While it sounds like a good and principled stand on the surface, I doubt that it will move Commissioner Roger Goodell and the owners all that much. If folks decide to go after the league’s advertisers, that might move the needle, but it would take an organized effort and would also depend on the advertisers involved.

That said, there are a number of entities within the African-American community that have been eerily silent on the issue of Kaepernick and his obvious blackballing at the hands of NFL owners.

Civil Rights organizations like the NAACP haven’t said much. I haven’t heard anything from Jesse Jackson and it was until late this week that Al Sharpton mentioned Kaepernick on his radio show.

In fact, the most obvious effort on Kaepernick’s behalf appears to be coming from his fraternity, Kappa Alpha Psi. On Aug. 23, the fraternity, the Justice League of New York City, as well as other civil rights organizations, are planning a rally in front of the NFL’s headquarters to protest what they see as the league keeping Kaepernick from plying his trade.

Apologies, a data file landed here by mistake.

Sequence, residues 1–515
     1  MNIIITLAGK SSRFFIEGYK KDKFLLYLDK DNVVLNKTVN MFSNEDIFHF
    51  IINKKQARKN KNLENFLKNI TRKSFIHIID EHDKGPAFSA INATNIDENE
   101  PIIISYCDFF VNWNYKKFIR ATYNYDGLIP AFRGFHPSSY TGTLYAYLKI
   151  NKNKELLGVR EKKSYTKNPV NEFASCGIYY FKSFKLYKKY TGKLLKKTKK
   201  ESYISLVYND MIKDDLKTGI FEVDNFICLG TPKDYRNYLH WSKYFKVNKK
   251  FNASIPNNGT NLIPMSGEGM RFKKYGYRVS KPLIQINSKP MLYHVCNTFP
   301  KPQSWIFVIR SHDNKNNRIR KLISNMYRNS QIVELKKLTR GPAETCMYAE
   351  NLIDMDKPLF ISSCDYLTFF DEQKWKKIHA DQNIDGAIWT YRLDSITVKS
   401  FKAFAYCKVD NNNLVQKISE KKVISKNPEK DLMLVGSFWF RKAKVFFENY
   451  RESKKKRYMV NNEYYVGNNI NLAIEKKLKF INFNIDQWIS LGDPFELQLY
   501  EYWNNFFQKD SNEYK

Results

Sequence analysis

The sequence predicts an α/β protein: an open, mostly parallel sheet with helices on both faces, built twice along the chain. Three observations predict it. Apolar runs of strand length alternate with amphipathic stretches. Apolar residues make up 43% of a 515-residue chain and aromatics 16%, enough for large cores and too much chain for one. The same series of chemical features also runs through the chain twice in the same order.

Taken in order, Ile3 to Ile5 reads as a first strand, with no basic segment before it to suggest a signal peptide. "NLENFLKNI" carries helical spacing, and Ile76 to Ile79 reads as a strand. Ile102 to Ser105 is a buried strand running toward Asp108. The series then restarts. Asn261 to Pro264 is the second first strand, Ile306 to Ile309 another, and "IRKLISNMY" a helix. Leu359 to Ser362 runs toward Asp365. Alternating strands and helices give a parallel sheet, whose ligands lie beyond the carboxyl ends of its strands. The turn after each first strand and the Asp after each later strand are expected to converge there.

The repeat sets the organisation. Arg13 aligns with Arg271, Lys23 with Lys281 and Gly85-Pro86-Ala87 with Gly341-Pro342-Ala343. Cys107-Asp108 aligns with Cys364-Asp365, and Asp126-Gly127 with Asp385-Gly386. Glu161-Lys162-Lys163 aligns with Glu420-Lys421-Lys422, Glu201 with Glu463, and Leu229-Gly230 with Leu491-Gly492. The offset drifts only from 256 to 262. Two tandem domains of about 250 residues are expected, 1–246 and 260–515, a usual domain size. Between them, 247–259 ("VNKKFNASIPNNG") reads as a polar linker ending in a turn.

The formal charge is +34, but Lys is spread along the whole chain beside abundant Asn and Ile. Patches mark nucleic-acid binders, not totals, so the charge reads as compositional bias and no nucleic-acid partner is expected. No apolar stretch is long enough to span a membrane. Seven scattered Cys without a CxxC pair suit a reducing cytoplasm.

There is also a website soliciting for petitions,#StandingforKaepernick https://standingforkaepernick.org/ that outlines its plans for boycotting the NFL on behalf of Kaepernick.

That will probably be the closest thing to a collective effort by the Black community on behalf of Kaepernick.

Another group that hasn’t said much publicly has been the NFL Players Association and executive director DeMaurice Smith.

While I was unsuccessful in getting in contact with Smith, a source close to the NFLPA told me the union is in contact with Kaepernick on a regular basis and is monitoring the situation. The source also said the union is there for Kaepernick if he needs them.